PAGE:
Writing from his new home in Long Beach, Calif., Keggie Pederson, born at Howie on the Sweet Grass, and well known here, states that he moved his trailer business from Long Beach. "We need a larger place, also we have a more central location." This year promises to be a big one for the trailer business, the American people having become trailer conscious.

Kenneth O. Fallang of this city has been appointed game warden for Park and Sweet Grass counties, succeeding Fred Staunton, who had held that position for the past five years. Mr. Fallang who is on the job now, will move his family to Livingston where he will make his headquarters.

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From the Big Timber Pioneer, April 15, 1937:

Robert M. Ward came down from the sawmill in the Crazies Tuesday, to get his car which had been left in this city since January. He wasn't sure he could get it all the way home, but would go as far as possible. Roads are still bad and there is lots of snow in the lower mountains.

Mr. and Mrs. Pleum Roobol were visitors from Reed Point the first of the week. Mr. Roobol, who was a spotted fever victim last summer, says it has taken him all winter to recover, but he is quite his old self again.

S.A. Perrine returned Sunday night from the first really great vacation he has had since he went into the barber business in this city about 50 years ago. It lasted several weeks and took in a lot of territory. Visiting at the home of his son, Earl, who has a responsible position with the Oakland Tribune, he made side trips to San Francisco and all other adjacent points. Returning home he visited the Baileys in Eugene, Ore., also in Portland and other places. He looks and feels fine.

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From the Big Timber Pioneer, April 22, 1937:

Floyd Benson and Wayne More left Wednesday morning for the CCC camp in Missoula, from which point recruits are sent to other camps. Those from Big Timber now at other camps including the two named above, are Ralph W. Scyphers, Trygve Birkeland, Charles R. Freeburg, Hilmar H. Cook, Joseph A. Monroe, Charles G. Scyphers, Clayton Von Moschelle, John G. McCauley Jr.

Mrs. Franklin Longan came up from Billings for the high school operetta, a guest of her sister, Miss Ellen Rein, and to visit the Rein home at Melville.

Mrs. R.J. Wright, formerly of this country, visited here the first of the week from Livingston. The family is now living in the old Locke home in that city, Lewis and H streets.

Ed Boddy, Ed Moffet and Gus Tollefson of the Gibson country were business visitors in the city this week.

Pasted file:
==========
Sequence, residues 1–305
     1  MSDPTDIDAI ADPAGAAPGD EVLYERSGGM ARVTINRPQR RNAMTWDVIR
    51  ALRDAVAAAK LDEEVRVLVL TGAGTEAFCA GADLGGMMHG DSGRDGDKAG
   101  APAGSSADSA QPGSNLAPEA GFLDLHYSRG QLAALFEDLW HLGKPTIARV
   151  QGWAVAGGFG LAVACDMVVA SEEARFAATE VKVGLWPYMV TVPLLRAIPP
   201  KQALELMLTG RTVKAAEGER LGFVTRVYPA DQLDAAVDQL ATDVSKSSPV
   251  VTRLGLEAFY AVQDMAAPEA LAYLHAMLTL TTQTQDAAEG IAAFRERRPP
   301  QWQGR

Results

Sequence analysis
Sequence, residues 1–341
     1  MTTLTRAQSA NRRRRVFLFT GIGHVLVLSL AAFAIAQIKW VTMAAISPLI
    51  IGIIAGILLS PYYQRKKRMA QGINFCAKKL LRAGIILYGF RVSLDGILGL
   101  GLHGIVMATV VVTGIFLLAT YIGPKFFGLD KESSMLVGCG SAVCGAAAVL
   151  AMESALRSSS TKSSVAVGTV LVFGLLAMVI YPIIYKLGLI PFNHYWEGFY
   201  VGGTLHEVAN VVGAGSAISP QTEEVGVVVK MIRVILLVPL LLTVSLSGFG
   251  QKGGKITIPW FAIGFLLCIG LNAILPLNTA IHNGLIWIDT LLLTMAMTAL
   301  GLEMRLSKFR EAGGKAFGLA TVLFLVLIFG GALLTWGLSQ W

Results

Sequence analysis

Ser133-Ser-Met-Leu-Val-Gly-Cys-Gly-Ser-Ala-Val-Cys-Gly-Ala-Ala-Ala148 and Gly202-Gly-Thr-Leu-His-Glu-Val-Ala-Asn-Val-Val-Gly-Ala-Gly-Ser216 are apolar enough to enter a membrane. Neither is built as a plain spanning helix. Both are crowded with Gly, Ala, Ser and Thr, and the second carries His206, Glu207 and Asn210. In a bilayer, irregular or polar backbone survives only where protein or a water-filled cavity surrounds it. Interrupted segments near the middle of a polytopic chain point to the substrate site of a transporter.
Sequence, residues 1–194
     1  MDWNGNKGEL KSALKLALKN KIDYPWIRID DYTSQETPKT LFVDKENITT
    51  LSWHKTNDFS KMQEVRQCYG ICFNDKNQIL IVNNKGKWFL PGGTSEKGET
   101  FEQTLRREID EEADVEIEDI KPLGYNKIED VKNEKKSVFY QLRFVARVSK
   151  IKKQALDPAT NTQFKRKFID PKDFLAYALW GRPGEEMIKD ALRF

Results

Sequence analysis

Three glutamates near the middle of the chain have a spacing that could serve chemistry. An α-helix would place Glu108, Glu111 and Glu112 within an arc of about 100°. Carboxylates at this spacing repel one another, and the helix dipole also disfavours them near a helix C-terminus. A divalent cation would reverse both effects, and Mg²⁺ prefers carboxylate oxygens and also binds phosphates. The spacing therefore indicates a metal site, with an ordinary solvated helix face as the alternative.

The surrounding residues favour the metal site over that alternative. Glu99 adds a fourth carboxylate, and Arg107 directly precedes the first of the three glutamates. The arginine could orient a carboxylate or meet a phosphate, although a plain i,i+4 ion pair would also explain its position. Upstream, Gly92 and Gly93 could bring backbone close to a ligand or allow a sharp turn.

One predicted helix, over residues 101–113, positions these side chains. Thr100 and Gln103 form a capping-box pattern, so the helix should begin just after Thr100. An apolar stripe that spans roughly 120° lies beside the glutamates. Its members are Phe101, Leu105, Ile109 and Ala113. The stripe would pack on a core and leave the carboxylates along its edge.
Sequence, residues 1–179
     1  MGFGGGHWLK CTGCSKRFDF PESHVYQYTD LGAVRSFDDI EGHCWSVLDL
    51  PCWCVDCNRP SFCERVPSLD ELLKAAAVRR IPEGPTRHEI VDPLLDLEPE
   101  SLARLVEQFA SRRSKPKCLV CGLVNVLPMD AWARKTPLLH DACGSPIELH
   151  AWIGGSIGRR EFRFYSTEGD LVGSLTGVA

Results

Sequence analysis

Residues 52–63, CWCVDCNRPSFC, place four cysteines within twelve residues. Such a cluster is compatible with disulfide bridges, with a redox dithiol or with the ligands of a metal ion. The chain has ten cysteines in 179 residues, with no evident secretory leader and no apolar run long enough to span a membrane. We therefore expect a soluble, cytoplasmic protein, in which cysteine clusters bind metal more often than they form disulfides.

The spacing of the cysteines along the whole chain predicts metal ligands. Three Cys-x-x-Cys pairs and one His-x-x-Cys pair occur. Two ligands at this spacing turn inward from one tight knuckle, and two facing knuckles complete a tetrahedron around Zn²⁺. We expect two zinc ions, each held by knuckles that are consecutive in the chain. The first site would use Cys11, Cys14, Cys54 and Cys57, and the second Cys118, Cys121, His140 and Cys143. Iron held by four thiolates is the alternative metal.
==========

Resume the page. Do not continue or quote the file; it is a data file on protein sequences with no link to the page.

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From the Big Timber Pioneer, April 29, 1937:

A.J. Bryant, one of the early residents of this city and county, left Monday for Helena to enter the Masonic home, said to be one of the finest institutions of its kind in the country. He was driven by his son, Myron.

Mesdames C.F. Ullman, A.L. Schump, Ralph Smith, L.W. Baskett, and O.J. Ellingson were in attendance at a meeting of Daughters of the Nile in Billings Monday. Mrs. Ullman, who had held an elective office, was advanced to the post of Princess Tirzah, and Mrs. Ellingston received the appointment of Zulika.

The American Legion and the Lions club have applied for an athletic field for this city, intending to get in on the money, if possible, being distributed over the state for similar enterprises. The site is blocks 1 to 20 in blocks 36 and 7, a part of the Moore addition, better known as the vacant space behind the Barbour home. The application calls for a grandstand, bleachers, lavatory, etc. rock wall enclosing the field, and the estimated cost of the whole is $12,921.

Senator and Mrs. Ecton of Gallatin county, and Mrs. R.E. Dawes and children Donaldine and Leland, drove over to spend Sunday at the Henry Schroeder ranch at Howie. Local guests at the big turkey dinner were Mr. and Mrs. C.D. Paulson and Mrs. Clare Severance.

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From the Big Timber Pioneer, May 6, 1937:

Lester Peterson has been named foreman of the Northern Pacific coal docks at Grey Cliff to succeed Frank C. Berrie, transferred to Billings docks.

Kenneth Fallang, new deputy fish and game warden for Sweet Grass and Park counties, was here Saturday moving to Livingston. Park being the larger of the two counties is necessarily the logical place for his headquarters.

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From the Big Timber Pioneer, May 13, 1937:

Howard Mason, living just above McLeod, visited in Big Timber Saturday. He felt good and had a right to. For twenty years he has lived on his ranch, good, bad and indifferent seasons, but has not seen the range look so good for eight years past. There is plenty of moisture, and barring grasshoppers, there has not been a brighter outlook in years.

Sale of the Lazy DA ranch, located on the Boulder river 51 miles above Big Timber, by Mrs. Julia Cowles and her son, Don C. Cowles, formerly of Livingston, to Mrs. Amanda C. Welch of Hettinger, N.D., was announced last Thursday. Mrs. Welch, who owns and operates the Yellowstone hotel at Hettinger, announced she will take immediate possession and will start necessary repairs and improvement work. The ranch will be formally opened to the public on Memorial Day, May 30.

The commodity room of the WPA located in the Big Timber Supply House on Anderson street will be open ten days each month during the WPA work period, five days the first of the month, five at month's close. Anealia Rostad will be in charge.

While following a family bike near the Boulder bridge Saturday evening, Shiny, pet dog of Ray Lee Traver, was hit by an auto and died shortly afterward. Two cars were coming, opposite directions, and in attempting to evade one he ran into the other. The driver was not to blame.